So clearly drowning in subscriptions costs a lot more than you may think. How can you keep from going under without losing track?
...another subscription. Yep. For yet another small monthly fee, you can keep track of all the rest of your small monthly fees. It's come full circle.
Automatic subscriptions have become so prevalent that they've created an entirely new market: subscription tracking apps. And there's a swarm of them — Truebill, Trim, Subby, and Bobby to name a few. Some require bank info and some don't, so use discretion.
Not only will they keep tabs on all your recurring charges, most will notify you of any price changes that you might be unaware of.
Most are freemium, with additional paid services. Some intriguing premium features include account syncing, spending and saving advice, spending habit metrics, and a couple can even investigate unfamiliar charges that pop up.
There's another option for iOS and Android users, though. You can actually manage, edit and cancel your subscriptions through your native App Store or Play Store settings. It's the simplest way to do it, just without all the bells and whistles.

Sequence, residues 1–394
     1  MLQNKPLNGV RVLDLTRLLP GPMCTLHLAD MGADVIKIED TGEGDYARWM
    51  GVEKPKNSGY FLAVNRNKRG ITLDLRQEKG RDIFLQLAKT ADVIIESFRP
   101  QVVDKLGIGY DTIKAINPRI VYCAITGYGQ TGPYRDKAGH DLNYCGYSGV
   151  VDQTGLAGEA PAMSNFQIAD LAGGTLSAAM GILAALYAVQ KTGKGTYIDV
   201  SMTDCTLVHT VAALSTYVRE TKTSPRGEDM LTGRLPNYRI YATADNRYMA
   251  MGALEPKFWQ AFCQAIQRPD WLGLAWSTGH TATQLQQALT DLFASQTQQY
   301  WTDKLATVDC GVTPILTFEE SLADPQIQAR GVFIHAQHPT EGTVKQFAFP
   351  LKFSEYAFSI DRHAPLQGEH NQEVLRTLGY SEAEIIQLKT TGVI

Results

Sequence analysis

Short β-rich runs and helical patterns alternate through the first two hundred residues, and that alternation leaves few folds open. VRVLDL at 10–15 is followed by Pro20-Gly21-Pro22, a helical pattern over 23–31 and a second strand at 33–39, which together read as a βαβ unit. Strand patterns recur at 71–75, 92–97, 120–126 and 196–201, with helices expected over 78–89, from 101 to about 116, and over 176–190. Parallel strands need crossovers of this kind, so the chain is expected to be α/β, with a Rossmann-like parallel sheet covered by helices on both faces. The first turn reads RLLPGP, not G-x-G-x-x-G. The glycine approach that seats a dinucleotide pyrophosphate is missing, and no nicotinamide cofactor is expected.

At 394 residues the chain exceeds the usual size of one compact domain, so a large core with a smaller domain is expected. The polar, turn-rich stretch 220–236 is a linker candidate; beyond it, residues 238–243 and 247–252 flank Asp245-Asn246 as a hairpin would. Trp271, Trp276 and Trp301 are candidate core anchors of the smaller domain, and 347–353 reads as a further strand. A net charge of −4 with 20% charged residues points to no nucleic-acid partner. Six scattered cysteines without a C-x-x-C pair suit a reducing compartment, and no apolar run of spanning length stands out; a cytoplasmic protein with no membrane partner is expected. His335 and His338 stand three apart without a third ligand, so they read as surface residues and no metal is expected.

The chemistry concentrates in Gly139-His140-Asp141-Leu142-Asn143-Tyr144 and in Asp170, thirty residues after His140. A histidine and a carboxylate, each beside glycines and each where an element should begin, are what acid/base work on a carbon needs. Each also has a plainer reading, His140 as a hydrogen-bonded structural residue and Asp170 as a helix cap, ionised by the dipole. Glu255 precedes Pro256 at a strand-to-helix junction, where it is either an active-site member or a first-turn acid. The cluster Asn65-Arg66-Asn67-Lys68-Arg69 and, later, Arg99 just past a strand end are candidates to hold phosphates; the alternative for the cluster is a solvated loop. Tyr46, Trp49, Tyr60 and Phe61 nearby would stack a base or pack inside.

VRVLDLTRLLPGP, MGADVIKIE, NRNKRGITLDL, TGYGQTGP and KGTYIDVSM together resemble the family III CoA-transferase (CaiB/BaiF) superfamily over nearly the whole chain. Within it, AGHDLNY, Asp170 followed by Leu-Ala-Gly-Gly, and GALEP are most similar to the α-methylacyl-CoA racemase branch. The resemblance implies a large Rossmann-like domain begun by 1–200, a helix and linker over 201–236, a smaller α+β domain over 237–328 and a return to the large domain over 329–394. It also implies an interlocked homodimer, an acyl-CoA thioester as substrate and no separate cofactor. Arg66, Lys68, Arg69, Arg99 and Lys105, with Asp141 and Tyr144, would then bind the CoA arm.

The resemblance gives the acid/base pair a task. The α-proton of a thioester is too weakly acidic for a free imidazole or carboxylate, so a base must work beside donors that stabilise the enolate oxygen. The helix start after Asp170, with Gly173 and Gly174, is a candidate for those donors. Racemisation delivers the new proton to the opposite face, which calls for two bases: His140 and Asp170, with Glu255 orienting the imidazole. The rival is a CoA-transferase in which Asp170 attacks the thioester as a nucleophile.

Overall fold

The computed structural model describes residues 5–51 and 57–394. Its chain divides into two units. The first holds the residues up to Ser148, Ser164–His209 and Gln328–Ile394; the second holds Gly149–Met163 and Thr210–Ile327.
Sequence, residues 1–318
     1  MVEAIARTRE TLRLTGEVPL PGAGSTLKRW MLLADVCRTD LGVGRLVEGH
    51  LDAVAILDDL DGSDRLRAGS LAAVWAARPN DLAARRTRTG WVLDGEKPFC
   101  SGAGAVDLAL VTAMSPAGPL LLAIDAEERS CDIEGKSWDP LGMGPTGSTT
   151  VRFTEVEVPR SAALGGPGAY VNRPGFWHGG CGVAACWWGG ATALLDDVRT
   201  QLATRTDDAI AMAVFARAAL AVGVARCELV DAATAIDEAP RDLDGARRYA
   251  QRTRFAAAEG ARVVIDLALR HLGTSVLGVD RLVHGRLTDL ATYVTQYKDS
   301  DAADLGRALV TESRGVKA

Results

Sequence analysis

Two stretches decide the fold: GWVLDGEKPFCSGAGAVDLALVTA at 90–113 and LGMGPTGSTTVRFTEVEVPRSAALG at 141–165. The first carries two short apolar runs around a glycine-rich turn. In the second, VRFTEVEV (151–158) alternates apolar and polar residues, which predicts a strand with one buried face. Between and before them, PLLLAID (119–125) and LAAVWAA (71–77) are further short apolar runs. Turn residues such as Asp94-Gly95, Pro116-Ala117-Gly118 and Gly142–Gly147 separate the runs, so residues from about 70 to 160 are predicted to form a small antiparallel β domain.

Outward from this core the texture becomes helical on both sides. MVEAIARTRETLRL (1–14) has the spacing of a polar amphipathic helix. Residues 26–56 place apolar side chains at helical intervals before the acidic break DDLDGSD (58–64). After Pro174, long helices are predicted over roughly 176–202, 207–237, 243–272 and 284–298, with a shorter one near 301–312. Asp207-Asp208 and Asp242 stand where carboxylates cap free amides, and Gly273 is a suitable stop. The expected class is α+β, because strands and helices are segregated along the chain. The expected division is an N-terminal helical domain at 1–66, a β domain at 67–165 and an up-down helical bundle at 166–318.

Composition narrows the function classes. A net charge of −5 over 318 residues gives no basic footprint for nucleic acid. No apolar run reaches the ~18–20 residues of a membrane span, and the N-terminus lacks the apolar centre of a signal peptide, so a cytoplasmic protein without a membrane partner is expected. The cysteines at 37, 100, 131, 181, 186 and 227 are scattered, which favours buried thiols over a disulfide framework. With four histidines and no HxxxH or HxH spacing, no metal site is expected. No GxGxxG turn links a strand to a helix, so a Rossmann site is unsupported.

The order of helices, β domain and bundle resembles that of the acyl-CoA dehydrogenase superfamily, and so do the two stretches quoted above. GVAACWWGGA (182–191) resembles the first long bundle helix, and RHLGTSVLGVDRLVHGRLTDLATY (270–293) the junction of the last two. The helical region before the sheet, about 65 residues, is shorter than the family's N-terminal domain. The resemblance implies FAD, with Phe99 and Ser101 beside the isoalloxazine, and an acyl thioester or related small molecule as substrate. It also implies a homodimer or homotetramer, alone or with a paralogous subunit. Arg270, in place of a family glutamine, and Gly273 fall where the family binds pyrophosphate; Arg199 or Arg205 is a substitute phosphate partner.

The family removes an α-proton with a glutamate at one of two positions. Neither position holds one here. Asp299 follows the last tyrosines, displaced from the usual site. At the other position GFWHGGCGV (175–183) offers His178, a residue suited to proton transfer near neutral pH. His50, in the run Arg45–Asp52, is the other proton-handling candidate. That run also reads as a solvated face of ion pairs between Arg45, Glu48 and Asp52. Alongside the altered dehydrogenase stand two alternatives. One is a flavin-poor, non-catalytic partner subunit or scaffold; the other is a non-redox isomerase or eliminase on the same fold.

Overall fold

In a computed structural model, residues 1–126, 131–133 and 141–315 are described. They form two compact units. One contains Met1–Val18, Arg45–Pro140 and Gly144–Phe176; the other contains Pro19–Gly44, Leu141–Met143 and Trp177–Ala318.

Ever try to cancel a subscription only to get hit with an emotionally twisting message, begging you not to go? Or were you confronted with a CAPTCHA as you tried to hit cancel, and forced to call a service rep who tried to dissuade you from cancelling? How about clicking ads disguised as download buttons, or the old bait-and-switch offer?
These are referred to as dark patterns, and they're a common menace to subscription experiences designed to keep you on the hook.
Making a service stupid-easy to get into, but irritatingly hard to leave is affectionately referred to as the 'roach motel'. Coupled with forced continuity (taking a free trial and getting silently billed every week the instant it expires, AKA negative option billing), and you have a perfect pincer attack on your credit card.
Personally, I'm more likely to resubscribe to a company that makes it easy to leave in the first place. Here's an interesting article on how to win back your customers the right way.
Word to the wise: don't sabotage your own customer experiences by making customers feel like they were cheated out of their money.
If your customers really want to leave, making it more difficult for them certainly won't make them want to stay. At least ask them why they want out, and try to fix that problem instead of resorting to manipulation.